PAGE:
• Our bodies can absorb plastic chemicals; 93 percent of Americans age six or older test positive for BPA. Meanwhile, some of these plastic compounds have been found to alter hormones or have other effect on human health.

How to Reuse Bread Bags

Now that you know how much plastic ends up wasted, you might be more inclined to do something – anything – to keep it from ending up in landfills and oceans. Here are some easy ways that could help you reduce the waste exiting your household.

classy and modern styles for bread bags


1. Use them to take your lunch or snack to work. Just tie off at the top to keep your food fresh and protected. And even it gets better. Whenever you’re going on a picnic, make your sandwiches and stack them back inside a bread bag. No more need of sandwich bags.

2. Why would you buy special piping bags from the supermarket when you already have perfectly good bread bags at home? If you have already bought the nozzles and the tips, decorating a cookie, cake, or gingerbread house is as easy as filling a bread bag with frosting or icing. Make sure you clean it first, and then simply roll down the top to form a triangle. Twist and snip the tip – who needs plastic zip bags?

3. Carsickness is terrible for everyone involved. Make it a habit to carry a spare bread bag in the glove compartment. It will make all the difference for the ill passenger or driver, not to mention the relief for the car owner.

4. If you need to grease a baking pan, a bread bag can help you do that. Simply flip it inside out to use it as a glove. After you wiped the pan, just roll it down and throw it away. You could put it in the recycling bin, but only after you’ve washed it, which seems counter-intuitive given the water waste.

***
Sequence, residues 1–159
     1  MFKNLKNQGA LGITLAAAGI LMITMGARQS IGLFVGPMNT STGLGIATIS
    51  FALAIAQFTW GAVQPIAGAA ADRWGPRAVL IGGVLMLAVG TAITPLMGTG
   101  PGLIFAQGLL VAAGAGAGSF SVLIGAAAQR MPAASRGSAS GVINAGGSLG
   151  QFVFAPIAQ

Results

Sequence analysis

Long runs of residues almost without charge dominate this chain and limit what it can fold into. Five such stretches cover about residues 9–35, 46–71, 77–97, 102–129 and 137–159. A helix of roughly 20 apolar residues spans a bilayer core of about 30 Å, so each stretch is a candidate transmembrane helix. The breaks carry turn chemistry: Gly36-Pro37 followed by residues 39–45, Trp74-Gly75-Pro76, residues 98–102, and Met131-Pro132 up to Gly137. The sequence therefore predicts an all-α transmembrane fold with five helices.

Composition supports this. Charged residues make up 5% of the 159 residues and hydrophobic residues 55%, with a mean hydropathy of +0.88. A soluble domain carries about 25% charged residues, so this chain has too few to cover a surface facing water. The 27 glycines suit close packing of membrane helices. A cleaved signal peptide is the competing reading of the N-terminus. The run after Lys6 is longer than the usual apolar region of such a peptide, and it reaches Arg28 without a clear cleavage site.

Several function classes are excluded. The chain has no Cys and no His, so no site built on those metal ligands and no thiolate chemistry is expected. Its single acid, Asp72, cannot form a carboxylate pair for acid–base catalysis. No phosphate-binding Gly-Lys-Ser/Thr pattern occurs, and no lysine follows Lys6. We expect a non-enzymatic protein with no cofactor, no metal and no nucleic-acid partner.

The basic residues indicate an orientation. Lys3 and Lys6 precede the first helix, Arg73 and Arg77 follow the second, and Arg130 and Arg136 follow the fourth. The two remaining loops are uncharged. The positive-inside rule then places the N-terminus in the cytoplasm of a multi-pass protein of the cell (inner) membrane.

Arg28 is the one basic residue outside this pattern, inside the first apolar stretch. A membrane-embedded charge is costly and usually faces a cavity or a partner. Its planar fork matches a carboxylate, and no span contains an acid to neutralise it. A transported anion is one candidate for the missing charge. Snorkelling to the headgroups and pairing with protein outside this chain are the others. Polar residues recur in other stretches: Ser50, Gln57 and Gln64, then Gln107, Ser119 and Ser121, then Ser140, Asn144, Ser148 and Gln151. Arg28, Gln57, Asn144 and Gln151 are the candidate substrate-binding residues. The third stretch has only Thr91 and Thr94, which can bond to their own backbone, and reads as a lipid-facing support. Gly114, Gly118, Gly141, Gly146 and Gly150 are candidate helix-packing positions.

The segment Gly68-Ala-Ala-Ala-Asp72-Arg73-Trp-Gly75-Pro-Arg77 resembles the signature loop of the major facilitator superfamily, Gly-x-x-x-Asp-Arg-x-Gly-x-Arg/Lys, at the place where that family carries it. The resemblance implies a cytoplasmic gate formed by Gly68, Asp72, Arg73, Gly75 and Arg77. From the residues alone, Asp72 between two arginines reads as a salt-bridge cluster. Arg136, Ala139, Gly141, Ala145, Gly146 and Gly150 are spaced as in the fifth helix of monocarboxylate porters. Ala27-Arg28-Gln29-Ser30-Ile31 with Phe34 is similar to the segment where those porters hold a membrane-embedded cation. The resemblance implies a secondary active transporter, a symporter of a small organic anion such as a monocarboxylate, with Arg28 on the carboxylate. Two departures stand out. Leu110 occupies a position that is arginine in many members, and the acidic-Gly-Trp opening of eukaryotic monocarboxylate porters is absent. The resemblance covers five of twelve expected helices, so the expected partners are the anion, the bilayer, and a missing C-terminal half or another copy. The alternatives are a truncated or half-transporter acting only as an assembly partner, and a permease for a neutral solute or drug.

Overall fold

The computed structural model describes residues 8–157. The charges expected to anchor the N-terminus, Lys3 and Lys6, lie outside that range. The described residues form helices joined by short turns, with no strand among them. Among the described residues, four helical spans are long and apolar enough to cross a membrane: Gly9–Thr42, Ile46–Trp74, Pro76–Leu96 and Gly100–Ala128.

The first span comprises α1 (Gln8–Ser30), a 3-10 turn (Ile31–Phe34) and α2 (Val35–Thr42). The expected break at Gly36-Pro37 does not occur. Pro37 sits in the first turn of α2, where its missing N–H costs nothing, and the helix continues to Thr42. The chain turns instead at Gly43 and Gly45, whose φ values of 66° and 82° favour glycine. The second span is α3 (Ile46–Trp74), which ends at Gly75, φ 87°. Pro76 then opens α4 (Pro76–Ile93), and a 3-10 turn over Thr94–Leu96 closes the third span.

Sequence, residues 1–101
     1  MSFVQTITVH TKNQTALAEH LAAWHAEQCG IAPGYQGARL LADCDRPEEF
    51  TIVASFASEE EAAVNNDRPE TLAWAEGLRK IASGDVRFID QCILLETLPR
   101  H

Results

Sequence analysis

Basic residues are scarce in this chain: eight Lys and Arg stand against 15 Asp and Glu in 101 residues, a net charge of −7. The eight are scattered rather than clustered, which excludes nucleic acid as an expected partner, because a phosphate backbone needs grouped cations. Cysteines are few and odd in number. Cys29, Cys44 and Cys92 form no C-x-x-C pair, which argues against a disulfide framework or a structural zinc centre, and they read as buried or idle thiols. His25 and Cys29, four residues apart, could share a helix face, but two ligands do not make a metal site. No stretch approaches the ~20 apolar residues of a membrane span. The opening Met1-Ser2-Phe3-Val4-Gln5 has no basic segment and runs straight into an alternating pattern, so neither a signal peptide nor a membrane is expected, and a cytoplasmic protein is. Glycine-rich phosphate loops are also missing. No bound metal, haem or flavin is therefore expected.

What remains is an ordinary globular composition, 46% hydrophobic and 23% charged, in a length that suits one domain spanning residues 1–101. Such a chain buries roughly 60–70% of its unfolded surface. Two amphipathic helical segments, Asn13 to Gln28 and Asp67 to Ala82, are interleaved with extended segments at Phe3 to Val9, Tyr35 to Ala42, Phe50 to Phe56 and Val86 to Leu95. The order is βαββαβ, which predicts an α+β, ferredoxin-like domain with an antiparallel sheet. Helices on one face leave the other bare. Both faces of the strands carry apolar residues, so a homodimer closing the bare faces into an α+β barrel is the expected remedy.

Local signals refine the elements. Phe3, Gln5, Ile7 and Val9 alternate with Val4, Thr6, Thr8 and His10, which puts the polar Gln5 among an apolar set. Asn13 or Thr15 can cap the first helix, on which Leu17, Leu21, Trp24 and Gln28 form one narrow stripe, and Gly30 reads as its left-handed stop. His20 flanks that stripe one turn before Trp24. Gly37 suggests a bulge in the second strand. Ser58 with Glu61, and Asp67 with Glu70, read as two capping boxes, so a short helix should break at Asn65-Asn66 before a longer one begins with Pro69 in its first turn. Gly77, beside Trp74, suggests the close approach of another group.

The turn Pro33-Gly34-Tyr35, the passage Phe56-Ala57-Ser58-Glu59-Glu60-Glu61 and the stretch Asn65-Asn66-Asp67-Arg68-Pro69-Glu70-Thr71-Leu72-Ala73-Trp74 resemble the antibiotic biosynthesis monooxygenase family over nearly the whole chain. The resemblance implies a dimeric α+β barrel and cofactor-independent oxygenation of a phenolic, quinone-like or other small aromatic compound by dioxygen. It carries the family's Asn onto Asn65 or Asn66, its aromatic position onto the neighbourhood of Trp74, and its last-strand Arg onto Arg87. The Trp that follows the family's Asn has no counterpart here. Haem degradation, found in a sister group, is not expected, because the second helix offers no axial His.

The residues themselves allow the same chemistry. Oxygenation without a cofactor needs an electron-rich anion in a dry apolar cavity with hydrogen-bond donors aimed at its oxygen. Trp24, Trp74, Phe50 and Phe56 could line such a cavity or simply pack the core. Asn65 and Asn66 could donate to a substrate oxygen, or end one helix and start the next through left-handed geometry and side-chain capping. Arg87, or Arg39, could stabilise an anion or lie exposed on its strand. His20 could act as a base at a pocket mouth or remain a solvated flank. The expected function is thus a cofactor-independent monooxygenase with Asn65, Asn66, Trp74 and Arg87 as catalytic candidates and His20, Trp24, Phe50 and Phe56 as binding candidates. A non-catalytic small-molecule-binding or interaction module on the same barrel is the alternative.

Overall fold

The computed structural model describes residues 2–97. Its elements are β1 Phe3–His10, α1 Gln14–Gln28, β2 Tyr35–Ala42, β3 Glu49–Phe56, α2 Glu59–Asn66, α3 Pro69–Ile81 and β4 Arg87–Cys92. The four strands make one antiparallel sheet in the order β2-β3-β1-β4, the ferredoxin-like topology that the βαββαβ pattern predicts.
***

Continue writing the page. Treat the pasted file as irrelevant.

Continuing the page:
More Uses for Bread Bags

5. Some plants thrive most with slow watering. Fill up a bag with water, tie a knot at the top and poke holes with a safety pin. Voila! Your bread bag can now water your plants on its own.

6. Empty water bottles or crumpled papers aren’t safe on the floor of your car; they could easily roll under your brake pedal and lodge there. Instead, use a bread bag as a garbage collector in your car. As long as you put only dry garbage in, you can empty the bag and re-use over and over again.

7. At the same time, keeping bread bags in your car will help you remember to take them into the store so you don’t buy other plastic bags for your produce.

8. Instead of bubble wrap or Styrofoam peanuts, blow up a bread bag like a balloon and tie the end for a homemade pillow pack. What an easy way to keep your fragile items safe during shipment!

9. Put bread bags over your feet before you putting on snow or rain boots. Not only do they keep your feet dry, but the boots will also come off easier.

10. Bread bags are also super easy to use for seasoning or breading foods. Put the seasoned flour or the breadcrumbs into a bread bag and add the veggies or meat. Shake well and then bake or fry.

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William E. Eubanks

I'm one of the main writers on the site; mostly dealing with environmental news and ways to live green. My goal is to educate others about this great planet, and the ways we can help to protect it.